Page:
To complement MITMEngine, we also built a dashboard, MALCOLM, to apply MITMEngine to a sample of Cloudflare’s overall traffic and observe HTTPS interception in the requests hitting our network. Recent MALCOLM data incorporates a fresh set of reference TLS Client Hellos, so readers will notice that percentage of “unknown” instances of HTTPS interception has decreased from Feburary 2019 to March 2019.
In this section of this blog post, we compare HTTPS interception statistics from MALCOLM to the 2017 study “The Security Impact of HTTPS Interception”. With this data, we can see the changes in HTTPS interception patterns observed by Cloudflare over the past two years.
Using MALCOLM, let’s see how HTTPS connections have been intercepted as of late. This MALCOLM data was collected between March 12 and March 13, 2019.
The 2017 study found that 10.9% of Cloudflare-bound TLS Client Hellos had been intercepted. MALCOLM shows that the number of interceptions has increased by a substantial amount, to 18.6%:
This result, however, is likely inflated compared to the results of the 2017 study. The 2017 study considered all traffic that went through Cloudflare, regardless of whether it had a recognizable User Agent or not. MALCOLM only considers results with recognizable User Agents that could be identified by uasurfer, a Golang library for parsing User Agent strings. Indeed, when we don’t screen out TLS Client Hellos with unidentified User Agents, we see that 11.3% of requests are considered intercepted–an increase of 0.4%. Overall, the prevalence of HTTPS interception activity does not seem to have changed much over the past two years.
Next, we examine the prevalence of HTTPS interception by browser and operating system. The paper presented the following table. We’re interested in finding the most popular browsers and most frequently intercepted browsers.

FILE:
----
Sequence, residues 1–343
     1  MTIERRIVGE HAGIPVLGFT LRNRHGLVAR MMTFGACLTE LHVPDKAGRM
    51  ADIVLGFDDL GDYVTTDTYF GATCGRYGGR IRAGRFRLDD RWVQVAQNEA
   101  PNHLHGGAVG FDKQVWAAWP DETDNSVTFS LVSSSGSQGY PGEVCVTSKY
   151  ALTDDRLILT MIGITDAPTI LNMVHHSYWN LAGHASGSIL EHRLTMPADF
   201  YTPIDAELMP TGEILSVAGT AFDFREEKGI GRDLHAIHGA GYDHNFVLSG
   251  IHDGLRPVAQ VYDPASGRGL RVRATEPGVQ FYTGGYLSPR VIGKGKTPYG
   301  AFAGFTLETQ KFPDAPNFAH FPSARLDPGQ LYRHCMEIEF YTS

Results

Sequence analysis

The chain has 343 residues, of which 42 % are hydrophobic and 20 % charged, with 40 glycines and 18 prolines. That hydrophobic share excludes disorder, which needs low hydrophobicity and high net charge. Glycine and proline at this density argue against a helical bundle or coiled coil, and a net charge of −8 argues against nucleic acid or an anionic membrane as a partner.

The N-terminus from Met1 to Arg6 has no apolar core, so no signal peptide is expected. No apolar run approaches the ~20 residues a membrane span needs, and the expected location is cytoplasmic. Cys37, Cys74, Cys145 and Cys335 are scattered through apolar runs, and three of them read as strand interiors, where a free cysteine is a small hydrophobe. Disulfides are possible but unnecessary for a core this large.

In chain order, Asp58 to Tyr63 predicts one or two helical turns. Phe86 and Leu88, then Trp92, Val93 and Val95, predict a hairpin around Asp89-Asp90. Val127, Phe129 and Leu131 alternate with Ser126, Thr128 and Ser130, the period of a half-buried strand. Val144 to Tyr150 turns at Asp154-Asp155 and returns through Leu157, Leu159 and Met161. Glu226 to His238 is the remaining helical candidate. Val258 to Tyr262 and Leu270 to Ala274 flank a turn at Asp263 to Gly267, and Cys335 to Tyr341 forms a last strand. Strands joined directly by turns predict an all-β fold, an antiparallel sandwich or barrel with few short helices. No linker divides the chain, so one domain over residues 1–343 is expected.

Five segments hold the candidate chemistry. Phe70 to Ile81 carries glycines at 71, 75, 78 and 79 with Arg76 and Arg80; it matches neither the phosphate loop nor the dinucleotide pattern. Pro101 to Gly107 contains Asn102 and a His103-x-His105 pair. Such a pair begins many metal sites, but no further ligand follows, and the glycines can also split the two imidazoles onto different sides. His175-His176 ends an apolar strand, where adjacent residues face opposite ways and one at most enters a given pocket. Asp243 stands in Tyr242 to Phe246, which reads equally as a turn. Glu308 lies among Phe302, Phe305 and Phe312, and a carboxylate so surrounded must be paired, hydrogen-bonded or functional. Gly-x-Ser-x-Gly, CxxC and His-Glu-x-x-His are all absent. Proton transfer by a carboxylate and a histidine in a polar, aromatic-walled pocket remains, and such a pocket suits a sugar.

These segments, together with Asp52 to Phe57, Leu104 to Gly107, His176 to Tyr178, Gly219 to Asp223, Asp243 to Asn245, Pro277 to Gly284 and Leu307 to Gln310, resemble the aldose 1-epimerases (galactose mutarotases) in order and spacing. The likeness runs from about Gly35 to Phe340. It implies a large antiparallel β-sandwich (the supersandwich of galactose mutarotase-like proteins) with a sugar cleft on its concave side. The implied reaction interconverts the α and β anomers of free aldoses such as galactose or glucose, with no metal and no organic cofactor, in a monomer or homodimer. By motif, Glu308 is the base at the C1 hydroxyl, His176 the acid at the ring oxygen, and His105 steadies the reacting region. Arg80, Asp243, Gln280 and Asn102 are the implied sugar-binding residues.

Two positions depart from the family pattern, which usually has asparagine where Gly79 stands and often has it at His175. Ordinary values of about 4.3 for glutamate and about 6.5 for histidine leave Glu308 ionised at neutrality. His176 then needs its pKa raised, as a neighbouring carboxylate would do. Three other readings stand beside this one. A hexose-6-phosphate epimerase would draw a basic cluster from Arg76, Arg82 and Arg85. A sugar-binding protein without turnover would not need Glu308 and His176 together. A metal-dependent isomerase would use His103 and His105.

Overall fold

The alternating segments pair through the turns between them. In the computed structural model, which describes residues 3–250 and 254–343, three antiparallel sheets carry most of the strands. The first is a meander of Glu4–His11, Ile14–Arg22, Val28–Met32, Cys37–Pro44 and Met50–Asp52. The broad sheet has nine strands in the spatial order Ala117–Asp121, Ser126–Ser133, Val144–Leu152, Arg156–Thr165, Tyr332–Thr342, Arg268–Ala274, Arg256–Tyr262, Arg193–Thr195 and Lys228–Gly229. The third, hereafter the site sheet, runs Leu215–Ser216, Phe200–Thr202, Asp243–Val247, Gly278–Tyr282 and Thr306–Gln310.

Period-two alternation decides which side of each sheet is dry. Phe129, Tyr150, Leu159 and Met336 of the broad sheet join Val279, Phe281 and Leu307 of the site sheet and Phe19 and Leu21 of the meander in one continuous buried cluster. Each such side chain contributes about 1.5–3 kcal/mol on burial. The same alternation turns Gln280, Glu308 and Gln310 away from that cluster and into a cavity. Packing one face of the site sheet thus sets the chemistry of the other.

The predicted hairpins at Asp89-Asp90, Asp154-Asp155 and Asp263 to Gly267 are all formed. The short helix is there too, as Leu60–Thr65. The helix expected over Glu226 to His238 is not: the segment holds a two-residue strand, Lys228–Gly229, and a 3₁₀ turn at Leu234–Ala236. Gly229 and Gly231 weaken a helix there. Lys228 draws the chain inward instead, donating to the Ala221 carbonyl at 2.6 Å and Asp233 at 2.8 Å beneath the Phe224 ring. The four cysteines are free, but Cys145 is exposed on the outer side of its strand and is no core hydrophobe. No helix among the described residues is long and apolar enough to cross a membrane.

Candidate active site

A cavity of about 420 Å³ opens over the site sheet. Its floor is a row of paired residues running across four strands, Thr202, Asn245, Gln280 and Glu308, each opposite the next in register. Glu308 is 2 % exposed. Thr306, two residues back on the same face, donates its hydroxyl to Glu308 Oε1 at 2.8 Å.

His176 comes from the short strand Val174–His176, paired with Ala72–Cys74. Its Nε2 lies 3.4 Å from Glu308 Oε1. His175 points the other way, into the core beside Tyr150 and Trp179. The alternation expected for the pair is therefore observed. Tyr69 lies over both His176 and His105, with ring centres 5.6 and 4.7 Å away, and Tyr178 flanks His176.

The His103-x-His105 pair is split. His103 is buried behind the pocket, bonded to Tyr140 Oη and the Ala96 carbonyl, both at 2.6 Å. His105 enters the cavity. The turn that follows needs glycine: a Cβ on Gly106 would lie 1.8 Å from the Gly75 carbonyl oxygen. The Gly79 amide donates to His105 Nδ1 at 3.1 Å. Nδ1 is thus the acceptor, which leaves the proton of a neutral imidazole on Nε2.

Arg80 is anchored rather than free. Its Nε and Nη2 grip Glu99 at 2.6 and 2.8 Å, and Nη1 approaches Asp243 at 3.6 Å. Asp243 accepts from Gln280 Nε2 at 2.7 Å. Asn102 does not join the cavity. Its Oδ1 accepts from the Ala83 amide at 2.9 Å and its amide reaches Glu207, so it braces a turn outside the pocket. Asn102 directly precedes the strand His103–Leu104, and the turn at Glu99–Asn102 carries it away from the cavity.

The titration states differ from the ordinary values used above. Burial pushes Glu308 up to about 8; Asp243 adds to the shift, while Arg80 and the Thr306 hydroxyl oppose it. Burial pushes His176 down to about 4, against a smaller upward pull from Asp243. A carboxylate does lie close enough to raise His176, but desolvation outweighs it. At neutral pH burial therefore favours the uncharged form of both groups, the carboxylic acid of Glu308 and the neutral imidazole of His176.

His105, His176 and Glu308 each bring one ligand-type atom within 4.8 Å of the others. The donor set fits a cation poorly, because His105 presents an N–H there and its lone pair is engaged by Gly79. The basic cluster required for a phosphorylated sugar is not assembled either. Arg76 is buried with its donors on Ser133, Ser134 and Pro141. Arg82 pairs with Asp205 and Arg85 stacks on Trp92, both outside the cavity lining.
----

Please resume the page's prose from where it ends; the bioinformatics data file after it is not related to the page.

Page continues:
MALCOLM yields the following statistics for all traffic by browsers. MALCOLM presents mobile and desktop browsers as a single item. This can be broken into separate views for desktop and mobile using the filters on the dashboard.
Chrome usage has expanded substantially since 2017, while usage of Safari, IE, and Firefox has fallen somewhat (here, IE includes Edge). Examining the most frequently intercepted browsers, we see the following results:
We see above that Chrome again accounts for a larger percentage of intercepted traffic, likely given growth in Chrome’s general popularity. As a result, HTTPS interception rates for other browsers, like Internet Explorer, have fallen as IE is less frequently used. MALCOLM also highlights the prevalence of other browsers that have their traffic intercepted–namely, UCBrowser, a browser common in China.
Now, we examine the most common operating systems observed in Cloudflare’s traffic:
Android use has clearly increased over the past two years as smartphones become peoples’ primary device for accessing the Internet. Windows also remains a common operating system.
As Android becomes more popular, the likelihood of HTTPS interception occurring on Android devices also has increased substantially:
Since 2017, Android devices have overtaken those of Windows as the most intercepted.
As more of the world’s Internet consumption occurs through mobile devices, it’s important to acknowledge that simply changing platforms and browsers has not impacted the prevalence of HTTPS interception.
Using MITMEngine and MALCOLM, we’ve been able to continuously track the state of HTTPS interception on over 10% of Internet traffic. It’s imperative that we track the status of HTTPS interception to give us foresight when deploying new security measures and detecting breaking changes in security protocols. Tracking HTTPS interception also helps us contribute to our broader mission of “helping to build a better Internet” by keeping tabs on software that possibly weakens good security practices.
Interested in exploring more HTTPS interception data? Here are a couple of next steps: